This pretzel beer bubble bread is easy to make, will be a guaranteed showstopper at your next Oktoberfest party and beyond, and is so incredibly addictive! Tear off a mini roll, dip it in some Obatzda and try to stop.
Pretzel Beer Bubble Bread
About this Recipe
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Oktoberfest in München has been going strong for almost two weeks now! This weekend we get to finally celebrate Kansas-City-style at our local KC Oktoberfest at Crown Center, put on by KC Bier Co, Kansas City's authentic German-style brewery crafting beer using the Reinheitsgebot, or German purity law, and importing many of its ingredients from Germany for the most authentic German beer-drinking experience.
This alone was occasion enough for me to use their Festbier, Vienna-style lager and Oktoberfest beer, to use not just once, not twice, but in three different ways for today's post. First in the dough for the pretzel beer bubble bread, then in the Obatzda German cheese spread that I am so addicted to and that to me is a must to make whenever I make pretzels, and lastly, in the drink pairing for today.
The inspiration for the bubble bread came from fellow German baker Jessica Kufner of 'Lecker macht süchtig,' translating to 'yummy is addictive' and couldn't that blog name be any more true. Visit her blog for amazing baking Inspo and many more German baking recipes.. in German though, so I hope you've been brushing up on your German a bit. 😉
Jessica's bubble bread kept popping up on my Instagram feed (please hop on over and give Jessica and I a follow!) in so many different varieties that I finally decided to give it a try. No regrets over here! Other than that I almost ate the entire loaf by myself instead of sharing it with others like I had intended on doing. So yes, it's addictive and here is your warning.
Also, you may want to make sure you have a kitchen scale for this recipe. It will help make the 15 gram portions of pretzel balls so much faster and will ensure they all look uniform and perfect... BECAUSE if you go through the trouble to shape roughly 50 balls of dough, why wouldn't you want for them to all look perfect?
PLEASE don't be scared of the whole 'using real lye for pretzels thing.' It's not as scary as it may sound. Your pretzels will taste so much more authentic! Just make sure you store the lye in a safe spot where your kids can't get to it. Also don't forget that final sprinkle of pretzel salt because what is a pretzel without salt?
Scroll on down for the recipe and get to shaping those balls! Your guests and mainly yourself will thank you for this very shareable showstopper. Guten Appetit!
Pretzel Beer Bubble Bread Essentials
Honey Oktoberfest Radler
How could I not use even more Oktoberfest beer to create a simple and über lecker drink pairing that's so seasonally appropriate. For this Radler, German-style beer shandy, I used local Festbier, KC Bier Company's Oktoberfest beer, and combined it with a shot of Bärenjäger German honey liqueur. Garnish with a slice of lemon for that refreshing spark and some much needed vitamin c we all need so badly right now as people start coughing alll around us yet again! 'Tis the season!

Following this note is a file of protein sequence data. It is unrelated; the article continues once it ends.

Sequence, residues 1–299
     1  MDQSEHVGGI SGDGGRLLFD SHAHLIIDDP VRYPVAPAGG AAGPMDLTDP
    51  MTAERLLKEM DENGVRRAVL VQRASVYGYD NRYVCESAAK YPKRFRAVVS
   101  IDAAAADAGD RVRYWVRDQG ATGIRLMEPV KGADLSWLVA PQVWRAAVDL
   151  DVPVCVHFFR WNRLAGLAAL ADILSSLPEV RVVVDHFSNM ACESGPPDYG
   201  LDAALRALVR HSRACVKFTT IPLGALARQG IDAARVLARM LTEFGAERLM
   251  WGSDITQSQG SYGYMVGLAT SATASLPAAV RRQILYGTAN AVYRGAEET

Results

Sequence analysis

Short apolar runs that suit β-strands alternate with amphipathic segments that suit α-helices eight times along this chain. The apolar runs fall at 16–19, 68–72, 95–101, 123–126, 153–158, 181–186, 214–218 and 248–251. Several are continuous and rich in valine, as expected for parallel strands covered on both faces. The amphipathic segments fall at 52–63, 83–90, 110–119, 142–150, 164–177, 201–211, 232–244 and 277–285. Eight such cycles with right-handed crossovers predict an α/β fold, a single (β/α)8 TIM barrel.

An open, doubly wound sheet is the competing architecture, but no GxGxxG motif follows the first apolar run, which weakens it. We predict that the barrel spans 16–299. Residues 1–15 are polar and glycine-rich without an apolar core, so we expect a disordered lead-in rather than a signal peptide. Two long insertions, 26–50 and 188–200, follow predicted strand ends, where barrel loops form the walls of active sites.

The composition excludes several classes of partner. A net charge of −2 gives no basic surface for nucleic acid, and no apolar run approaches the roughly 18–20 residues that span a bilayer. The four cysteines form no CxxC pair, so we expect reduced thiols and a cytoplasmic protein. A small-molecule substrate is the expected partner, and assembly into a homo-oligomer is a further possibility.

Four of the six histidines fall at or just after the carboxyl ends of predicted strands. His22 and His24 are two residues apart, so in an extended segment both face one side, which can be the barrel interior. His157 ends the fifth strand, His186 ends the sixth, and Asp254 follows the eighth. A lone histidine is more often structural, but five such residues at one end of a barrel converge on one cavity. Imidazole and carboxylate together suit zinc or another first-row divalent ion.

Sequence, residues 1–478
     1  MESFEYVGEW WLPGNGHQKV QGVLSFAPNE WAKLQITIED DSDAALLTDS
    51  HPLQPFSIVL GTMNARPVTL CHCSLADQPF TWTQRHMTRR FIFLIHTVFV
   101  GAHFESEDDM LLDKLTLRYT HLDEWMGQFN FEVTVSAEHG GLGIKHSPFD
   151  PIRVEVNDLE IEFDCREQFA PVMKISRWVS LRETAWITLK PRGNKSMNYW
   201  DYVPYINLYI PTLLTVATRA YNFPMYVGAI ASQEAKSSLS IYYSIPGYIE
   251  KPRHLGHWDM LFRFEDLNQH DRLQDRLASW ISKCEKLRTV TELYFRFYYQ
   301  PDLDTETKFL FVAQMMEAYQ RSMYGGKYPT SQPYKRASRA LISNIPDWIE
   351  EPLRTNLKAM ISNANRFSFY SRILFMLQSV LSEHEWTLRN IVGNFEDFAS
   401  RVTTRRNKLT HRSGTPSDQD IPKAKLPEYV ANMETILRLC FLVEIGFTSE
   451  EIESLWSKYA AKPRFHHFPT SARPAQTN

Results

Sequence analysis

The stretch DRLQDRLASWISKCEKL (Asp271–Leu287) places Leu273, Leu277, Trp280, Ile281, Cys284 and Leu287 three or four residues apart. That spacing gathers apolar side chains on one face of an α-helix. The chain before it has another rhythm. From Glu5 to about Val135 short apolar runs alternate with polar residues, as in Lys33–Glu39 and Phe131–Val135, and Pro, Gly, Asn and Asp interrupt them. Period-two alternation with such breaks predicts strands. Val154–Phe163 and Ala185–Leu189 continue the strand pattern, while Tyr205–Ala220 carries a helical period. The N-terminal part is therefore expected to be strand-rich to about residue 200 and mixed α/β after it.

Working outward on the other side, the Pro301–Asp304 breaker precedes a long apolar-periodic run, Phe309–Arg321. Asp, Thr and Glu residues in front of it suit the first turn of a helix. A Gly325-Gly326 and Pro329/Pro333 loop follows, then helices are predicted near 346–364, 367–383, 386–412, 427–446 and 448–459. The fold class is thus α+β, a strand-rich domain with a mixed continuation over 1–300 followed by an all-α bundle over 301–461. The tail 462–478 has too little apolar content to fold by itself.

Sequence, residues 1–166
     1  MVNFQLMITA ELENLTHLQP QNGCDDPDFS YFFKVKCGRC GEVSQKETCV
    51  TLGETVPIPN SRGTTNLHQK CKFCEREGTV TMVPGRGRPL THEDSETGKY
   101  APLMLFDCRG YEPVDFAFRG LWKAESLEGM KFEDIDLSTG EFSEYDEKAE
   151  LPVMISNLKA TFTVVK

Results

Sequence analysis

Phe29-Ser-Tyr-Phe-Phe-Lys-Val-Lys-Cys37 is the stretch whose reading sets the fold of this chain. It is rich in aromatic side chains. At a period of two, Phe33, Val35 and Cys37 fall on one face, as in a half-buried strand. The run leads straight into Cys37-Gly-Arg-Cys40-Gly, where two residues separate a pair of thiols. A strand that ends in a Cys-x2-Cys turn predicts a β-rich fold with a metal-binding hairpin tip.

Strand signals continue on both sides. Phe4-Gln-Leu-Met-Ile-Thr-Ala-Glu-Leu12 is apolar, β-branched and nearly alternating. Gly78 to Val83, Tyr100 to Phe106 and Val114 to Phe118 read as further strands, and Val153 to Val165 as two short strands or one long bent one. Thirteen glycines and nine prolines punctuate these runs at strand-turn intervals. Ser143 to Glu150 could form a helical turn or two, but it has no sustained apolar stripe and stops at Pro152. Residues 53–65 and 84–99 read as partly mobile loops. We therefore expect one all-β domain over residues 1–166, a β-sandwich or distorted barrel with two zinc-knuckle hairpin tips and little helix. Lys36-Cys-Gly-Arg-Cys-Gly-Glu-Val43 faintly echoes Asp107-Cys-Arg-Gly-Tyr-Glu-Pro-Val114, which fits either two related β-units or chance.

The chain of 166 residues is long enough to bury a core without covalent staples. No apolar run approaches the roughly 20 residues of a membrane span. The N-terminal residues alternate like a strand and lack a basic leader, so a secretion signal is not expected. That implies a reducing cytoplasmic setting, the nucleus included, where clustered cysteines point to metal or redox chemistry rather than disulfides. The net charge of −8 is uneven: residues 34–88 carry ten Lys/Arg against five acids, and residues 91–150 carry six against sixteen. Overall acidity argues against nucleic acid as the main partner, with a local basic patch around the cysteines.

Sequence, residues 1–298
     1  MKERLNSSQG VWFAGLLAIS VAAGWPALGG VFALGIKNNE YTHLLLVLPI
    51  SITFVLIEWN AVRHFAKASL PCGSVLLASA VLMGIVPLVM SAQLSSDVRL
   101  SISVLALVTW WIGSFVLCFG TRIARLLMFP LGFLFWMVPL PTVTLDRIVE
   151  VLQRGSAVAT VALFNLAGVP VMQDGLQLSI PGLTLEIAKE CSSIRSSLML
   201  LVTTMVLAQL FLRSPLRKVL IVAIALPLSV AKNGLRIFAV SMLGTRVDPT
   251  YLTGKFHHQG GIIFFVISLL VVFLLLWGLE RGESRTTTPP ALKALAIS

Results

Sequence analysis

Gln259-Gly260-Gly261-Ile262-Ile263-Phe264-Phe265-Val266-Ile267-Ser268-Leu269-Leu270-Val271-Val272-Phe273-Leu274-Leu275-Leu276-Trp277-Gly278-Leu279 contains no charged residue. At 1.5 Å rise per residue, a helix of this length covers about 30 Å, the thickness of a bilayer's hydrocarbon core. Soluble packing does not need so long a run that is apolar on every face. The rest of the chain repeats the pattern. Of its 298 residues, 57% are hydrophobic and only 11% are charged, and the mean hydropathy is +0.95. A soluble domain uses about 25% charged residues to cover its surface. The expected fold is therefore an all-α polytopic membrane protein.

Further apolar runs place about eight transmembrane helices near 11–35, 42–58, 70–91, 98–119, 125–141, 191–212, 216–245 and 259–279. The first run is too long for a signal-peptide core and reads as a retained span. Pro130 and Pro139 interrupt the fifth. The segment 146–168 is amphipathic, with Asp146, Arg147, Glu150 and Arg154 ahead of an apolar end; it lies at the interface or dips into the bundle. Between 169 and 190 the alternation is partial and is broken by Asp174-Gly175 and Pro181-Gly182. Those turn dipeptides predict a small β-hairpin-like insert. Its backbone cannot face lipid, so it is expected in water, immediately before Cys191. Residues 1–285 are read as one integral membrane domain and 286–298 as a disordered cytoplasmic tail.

more German Pretzel Recipes
Rustic Fall Frühstücks-Flammkuchen
I am baking up a delicious, rustic German breakfast flatbread called Flammkuchen as you're reading this, and oh my, it smells incredible!! Make sure to subscribe to my blog now, so you're not missing out when this new Flammkuchen post goes live!
Pretzel Beer Bubble Bread
Pretzel Bier Bubble Bread Dough
- 100 ml water
- 5 g lye
- 1 egg yolk
- 2 tablespoon milk or cream
- pretzel salt
- Pour beer into a small pot and warm to luke warm temperature, around 100 degrees Fahrenheit or 38 degrees Celsius. Add in the yeast and let rest for about 10 minutes. The yeast should start to bubble.
- Combine all ingredients and knead for about 10 minutes until you have a smooth, elastic dough. Cover with a kitchen towel and allow to rise in a warm spot for about 45 minutes.
- Preheat oven to 355 Fahrenheit on the convection setting (180 Celsius). Prep a 12-inch (30 cm) round baking sheet with parchment paper. Divide the dough into 15 g portions and form each into a small ball. Arrange them on the baking sheet, so that they're touching each other. Cover and allow to rise another 15 minutes.
- Combine water and lye by slowly adding the lye into the water. Stir until the solution is no longer cloudy. Whisk together the egg yolk and milk or cream. Brush the bread with the lye solution first and then with the egg solution before sprinkling with pretzel salt.
I received compensation from Niche Import Co. in exchange for writing this post. Although this post is sponsored, all opinions, thoughts and recipes are my own. This post contains affiliate links, which means that I may be compensated if you click certain links.